KRACK attack: What you need to know

4:15 pm on 17 October 2017

InternetNZ and government cyber security agency CERT NZ are warning all New Zealanders to avoid using Wi-Fi following an international software hack.

Here's what you need to know:

Keyboard, computer, cyber attack

Photo: 123rf

What's happening?

An attack, known as the KRACK (Key Reinstallation Attack), has emerged from weaknesses that have been discovered in a protocol that Wi-Fi uses.

It gives attackers the ability to inject viruses or ransomware into the website that is being visited.

The Krack vulnerability, which was identified by a security researcher overseas, potentially allows a hacker to eavesdrop on Wi-Fi traffic. The hacker would need to be within Wi-Fi range and would not be able to access encrypted traffic (e.g. most banking websites and some other applications).

Systems affected

  • Almost all devices including computers, mobile phones, routers and smart TV could be affected.

What this means

  • All devices that use Wi-Fi networks need updating to protect against attack.
  • Microsoft's recent security update means only Vista and XP remain vulnerable.
  • Google is releasing a fix for Android on 6 November.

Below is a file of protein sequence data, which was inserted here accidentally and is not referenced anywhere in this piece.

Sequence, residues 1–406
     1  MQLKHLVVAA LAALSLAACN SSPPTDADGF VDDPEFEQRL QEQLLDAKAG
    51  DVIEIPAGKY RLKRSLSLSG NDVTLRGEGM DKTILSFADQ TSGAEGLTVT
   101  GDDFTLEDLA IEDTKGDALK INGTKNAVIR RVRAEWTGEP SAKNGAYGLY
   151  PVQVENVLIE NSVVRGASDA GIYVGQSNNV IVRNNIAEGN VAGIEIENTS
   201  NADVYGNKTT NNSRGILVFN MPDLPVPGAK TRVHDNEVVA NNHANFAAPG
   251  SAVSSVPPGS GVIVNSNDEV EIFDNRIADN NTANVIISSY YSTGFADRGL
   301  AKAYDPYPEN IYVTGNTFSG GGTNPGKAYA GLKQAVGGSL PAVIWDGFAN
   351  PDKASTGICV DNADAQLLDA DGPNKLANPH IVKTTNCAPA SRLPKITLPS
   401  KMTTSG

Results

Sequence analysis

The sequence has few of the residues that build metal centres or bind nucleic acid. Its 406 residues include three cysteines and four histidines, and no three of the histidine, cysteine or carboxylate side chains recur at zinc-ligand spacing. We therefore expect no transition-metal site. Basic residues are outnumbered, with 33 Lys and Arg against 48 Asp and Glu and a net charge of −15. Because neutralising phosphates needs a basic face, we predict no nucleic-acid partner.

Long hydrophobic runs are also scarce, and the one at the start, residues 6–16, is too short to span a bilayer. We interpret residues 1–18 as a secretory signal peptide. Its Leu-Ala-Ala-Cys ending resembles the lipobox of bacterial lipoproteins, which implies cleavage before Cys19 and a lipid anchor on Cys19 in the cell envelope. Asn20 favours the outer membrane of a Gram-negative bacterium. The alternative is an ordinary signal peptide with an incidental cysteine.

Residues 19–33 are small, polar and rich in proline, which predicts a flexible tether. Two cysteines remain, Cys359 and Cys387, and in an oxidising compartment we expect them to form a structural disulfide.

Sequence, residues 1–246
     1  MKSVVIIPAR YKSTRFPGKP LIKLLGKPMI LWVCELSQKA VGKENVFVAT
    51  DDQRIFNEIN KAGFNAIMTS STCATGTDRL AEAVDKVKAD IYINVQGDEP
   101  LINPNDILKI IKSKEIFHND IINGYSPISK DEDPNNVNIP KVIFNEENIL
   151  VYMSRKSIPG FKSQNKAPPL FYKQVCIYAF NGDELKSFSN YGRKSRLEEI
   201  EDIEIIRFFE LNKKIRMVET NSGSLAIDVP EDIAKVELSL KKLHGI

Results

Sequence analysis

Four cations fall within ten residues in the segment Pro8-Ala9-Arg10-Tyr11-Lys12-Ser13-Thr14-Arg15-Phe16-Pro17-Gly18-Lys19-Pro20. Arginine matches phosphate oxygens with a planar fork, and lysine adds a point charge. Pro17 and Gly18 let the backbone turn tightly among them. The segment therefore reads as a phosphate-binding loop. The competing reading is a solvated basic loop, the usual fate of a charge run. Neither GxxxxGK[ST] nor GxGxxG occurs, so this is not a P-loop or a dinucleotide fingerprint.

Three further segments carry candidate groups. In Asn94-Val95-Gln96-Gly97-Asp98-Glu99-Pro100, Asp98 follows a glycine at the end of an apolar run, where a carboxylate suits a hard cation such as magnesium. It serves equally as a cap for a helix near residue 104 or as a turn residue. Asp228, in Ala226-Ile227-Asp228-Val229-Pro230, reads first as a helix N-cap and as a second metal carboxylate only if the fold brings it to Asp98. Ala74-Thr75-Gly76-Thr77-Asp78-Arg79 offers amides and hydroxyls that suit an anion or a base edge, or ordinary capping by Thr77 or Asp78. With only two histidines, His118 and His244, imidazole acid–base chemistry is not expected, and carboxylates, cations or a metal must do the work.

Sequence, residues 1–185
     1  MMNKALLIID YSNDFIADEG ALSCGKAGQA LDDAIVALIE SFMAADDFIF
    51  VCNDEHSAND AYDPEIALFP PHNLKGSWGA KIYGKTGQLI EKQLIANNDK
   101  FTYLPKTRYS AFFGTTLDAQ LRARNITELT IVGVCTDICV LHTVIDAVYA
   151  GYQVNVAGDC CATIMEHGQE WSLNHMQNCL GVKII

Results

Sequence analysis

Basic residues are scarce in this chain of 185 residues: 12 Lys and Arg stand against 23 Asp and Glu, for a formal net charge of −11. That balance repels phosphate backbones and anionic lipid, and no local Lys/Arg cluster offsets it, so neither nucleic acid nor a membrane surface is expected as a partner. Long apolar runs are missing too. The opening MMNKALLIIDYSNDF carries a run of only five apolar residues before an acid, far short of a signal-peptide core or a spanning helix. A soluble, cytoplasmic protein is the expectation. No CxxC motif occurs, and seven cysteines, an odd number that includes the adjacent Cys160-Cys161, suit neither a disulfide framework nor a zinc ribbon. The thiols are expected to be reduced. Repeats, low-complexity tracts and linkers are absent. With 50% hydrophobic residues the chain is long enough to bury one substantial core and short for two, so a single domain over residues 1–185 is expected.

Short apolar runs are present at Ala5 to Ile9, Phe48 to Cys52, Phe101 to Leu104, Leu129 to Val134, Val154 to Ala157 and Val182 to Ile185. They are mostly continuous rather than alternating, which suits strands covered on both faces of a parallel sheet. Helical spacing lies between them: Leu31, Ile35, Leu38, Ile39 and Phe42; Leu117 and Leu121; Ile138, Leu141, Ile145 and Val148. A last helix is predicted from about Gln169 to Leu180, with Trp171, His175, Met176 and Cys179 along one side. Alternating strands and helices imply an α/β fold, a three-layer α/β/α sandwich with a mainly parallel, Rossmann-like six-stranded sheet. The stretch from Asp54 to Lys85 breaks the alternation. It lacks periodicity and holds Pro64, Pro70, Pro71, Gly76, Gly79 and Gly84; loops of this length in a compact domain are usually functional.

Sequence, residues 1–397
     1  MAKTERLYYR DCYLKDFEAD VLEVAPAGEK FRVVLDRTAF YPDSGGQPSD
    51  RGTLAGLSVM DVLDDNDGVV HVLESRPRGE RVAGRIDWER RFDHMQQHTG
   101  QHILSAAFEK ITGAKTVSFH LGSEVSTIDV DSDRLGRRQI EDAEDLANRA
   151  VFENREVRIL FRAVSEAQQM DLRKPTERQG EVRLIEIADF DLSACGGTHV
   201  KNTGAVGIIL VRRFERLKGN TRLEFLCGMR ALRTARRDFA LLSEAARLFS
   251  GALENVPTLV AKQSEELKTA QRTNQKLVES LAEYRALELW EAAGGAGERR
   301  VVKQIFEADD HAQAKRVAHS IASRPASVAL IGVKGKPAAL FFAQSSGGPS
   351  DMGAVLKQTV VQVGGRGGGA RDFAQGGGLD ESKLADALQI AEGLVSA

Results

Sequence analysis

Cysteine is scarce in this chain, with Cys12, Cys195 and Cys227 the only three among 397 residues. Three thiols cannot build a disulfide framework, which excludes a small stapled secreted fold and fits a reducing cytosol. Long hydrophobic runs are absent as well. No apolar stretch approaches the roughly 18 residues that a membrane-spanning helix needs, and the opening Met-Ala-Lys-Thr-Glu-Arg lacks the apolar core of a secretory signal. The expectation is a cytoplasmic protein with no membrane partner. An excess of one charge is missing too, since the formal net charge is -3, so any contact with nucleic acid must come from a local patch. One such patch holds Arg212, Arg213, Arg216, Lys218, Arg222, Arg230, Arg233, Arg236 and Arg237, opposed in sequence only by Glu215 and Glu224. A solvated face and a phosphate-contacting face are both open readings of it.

• Patch coming for recent Apple devices in the next few weeks.
  • Linox patches already out or coming soon.

What to do

  • Keep devices up to date. Turn on auto-update and you will get a fix as soon as it's available.
  • InternetNZ advise using a cable to access a home modem or data on mobiles.
  • If in doubt, contact your internet provider or product manufacturer.
  • If you're transmitting sensitive information online check to make sure the website address starts with 'https' - it may also have a lock symbol in the top left corner.
  • Turn off Wi-Fi and devices connected to the internet when not in use. This includes any 'smart' devices, such as whiteware, appliances, webcams, TVs, and baby monitors.

Is anyone in New Zealand affected yet?

  • Both Spark and Vodafone say they are not aware of any customers affected.
  • Spark says its home broadband modems are not vulnerable to the threat.